The Simple Art of Cooking: Valentine’s Day Treats

Does eating chocolate containing that strange property, phenylethylamine, a chemical stimulant released by the brain offer a high level of passion? Studies have shown that it does and there are few better ways to end a Valentine’s Day dinner than with a dessert made from chocolate.

I’ve always loved chocolate desserts that they are fairly straightforward. I love a dark, moist flourless chocolate cake, unadorned by icings and creams. It may not look magazine picture perfect, but it tastes divine and isn’t too sweet. Chocolate mousse Basque with its rich gelatinous texture is the best chocolate mousse I ever tasted. It’s perfect party fare that can be made one or two days ahead. My husband loves bread pudding of any stripe. I think he will be pleased with a simple and satisfying chocolate croissant bread pudding.

Working with chocolate can be tricky. Care should be taken when melting or it can turn lumpy if heat is too high. Break chocolate into pieces and melt in a slow oven or over very low heat in the top of a double boiler.

Whether you’re melting chocolate or someone’s heart it’s time to splurge on Chocolate desserts.

ELIZABETH DAVID’S FLOURLESS CHOCOLATE CAKE

Elizabeth David, the noted British cookbook author, wrote widely on

Mediterranean cooking.

Yield: 1 8-inch cake

 

4 ounces imported bittersweet chocolate

1 teaspoon vanilla

1 tablespoon brewed espresso (or any strong coffee)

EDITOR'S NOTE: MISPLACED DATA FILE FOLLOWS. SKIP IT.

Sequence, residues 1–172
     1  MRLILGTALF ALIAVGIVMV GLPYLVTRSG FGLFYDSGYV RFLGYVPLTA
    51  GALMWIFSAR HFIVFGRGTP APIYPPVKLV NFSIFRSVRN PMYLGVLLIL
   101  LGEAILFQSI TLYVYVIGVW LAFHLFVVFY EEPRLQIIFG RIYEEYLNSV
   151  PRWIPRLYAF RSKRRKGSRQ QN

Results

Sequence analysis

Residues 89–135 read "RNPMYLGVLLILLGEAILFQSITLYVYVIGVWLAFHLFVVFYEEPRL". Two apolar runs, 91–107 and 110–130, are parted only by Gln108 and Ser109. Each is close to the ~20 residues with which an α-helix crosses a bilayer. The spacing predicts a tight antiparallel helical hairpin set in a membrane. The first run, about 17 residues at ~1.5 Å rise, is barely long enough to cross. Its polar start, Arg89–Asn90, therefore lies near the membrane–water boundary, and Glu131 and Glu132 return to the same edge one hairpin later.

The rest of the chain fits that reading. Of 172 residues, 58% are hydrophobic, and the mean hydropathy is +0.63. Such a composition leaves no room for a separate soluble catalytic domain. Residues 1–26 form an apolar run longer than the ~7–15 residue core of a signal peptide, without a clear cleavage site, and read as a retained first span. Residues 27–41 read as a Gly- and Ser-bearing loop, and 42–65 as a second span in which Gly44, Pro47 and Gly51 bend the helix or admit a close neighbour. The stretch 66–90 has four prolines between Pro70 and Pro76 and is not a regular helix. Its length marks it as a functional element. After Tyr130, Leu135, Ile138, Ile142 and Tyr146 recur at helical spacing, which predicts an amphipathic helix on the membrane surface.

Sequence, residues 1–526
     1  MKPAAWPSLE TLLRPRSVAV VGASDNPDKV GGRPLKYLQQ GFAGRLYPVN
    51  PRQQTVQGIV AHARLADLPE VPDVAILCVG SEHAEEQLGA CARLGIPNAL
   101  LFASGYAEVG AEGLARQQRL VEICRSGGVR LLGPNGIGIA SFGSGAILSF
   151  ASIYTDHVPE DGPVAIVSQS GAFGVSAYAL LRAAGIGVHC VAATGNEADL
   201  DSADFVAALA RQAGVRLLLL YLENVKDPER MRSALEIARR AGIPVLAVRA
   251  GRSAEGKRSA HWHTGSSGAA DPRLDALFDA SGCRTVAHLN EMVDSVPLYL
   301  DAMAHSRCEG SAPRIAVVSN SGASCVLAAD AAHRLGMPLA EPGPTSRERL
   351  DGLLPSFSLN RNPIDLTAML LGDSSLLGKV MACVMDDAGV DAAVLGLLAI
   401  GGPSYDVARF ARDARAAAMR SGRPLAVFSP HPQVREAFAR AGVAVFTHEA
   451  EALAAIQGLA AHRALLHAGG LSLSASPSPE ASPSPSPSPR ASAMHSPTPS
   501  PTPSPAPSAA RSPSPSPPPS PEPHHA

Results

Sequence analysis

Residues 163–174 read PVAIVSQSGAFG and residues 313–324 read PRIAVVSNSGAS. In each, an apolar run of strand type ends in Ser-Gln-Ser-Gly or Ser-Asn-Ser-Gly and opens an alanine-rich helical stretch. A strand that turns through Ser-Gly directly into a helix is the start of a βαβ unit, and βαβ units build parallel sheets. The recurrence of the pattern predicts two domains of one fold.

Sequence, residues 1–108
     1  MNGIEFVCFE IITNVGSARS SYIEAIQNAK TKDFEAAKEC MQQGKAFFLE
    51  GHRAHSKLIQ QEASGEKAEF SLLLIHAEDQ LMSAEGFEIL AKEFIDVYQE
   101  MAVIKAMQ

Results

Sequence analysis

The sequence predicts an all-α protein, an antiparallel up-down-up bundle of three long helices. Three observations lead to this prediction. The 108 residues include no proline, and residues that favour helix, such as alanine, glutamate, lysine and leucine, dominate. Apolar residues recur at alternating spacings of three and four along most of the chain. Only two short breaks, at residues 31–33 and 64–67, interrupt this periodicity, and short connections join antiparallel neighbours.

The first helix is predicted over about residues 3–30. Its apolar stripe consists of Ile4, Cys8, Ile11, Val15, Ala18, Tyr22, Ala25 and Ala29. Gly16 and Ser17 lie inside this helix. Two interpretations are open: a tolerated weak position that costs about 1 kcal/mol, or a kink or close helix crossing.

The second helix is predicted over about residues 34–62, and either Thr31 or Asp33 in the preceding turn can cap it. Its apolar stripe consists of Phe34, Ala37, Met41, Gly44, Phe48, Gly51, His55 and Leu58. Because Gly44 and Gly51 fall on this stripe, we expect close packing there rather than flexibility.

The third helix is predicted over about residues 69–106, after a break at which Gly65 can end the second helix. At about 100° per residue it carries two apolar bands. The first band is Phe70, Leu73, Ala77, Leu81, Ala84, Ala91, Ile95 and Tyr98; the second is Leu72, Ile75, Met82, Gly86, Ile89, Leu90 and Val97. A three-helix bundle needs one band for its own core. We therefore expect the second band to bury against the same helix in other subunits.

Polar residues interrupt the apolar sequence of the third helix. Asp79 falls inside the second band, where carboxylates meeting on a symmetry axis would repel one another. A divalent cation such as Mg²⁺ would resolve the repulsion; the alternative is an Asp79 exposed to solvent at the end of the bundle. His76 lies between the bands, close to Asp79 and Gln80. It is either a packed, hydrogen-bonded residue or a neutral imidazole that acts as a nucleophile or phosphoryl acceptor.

1 tablespoons brandy

6 tablespoons unsalted butter

1/2 cup sugar

1/2 cup ground almonds

3 large eggs, separated

1/8 teaspoon cream of tartar

Confectioner’s sugar for decoration

 

Preheat oven to 300 degrees. Butter an 8-inch springform pan and dust with flour or breadcrumbs.

 

1. Break up chocolate in small pieces and put in a heavy saucepan with vanilla, coffee and Brandy. Melt over very low heat, or place in a small heatproof bowl and melt in a 250-degree oven. When mixture appears soft, remove from heat and stir to a smooth cream. Return saucepan to burner top and add butter, sugar and almonds and heat slowly until butter is melted. Transfer to a mixing bowl.

2. In a small bowl beat egg yolks until slightly thickened and lemon colored, about 3-4 minutes, and stir into the chocolate mixture.

3. In a bowl of electric mixer or in bowl with electric hand beaters, beat egg whites until foamy. Add cream of tartar, adjust speed to medium high and continue beating until egg whites are very firm and stiff peaks form. Fold about one-fourth of the beaten whites into the chocolate mixture and stir to soften. Carefully fold in remaining whites until thoroughly incorporated.

4. Transfer batter into the prepared pan and bake in the middle of the oven for 45 minutes. The cake will have some cracks on top and a cake tester inserted in the center will not come out clean. The cake will rise and then fall. Let the cake cool completely on a rack. Run a knife around the side of the pan and remove the side of the springform. Dust with confectioner’s sugar for serving.

The above recipe is adapted from Elizabeth David’s French Provincial Cooking.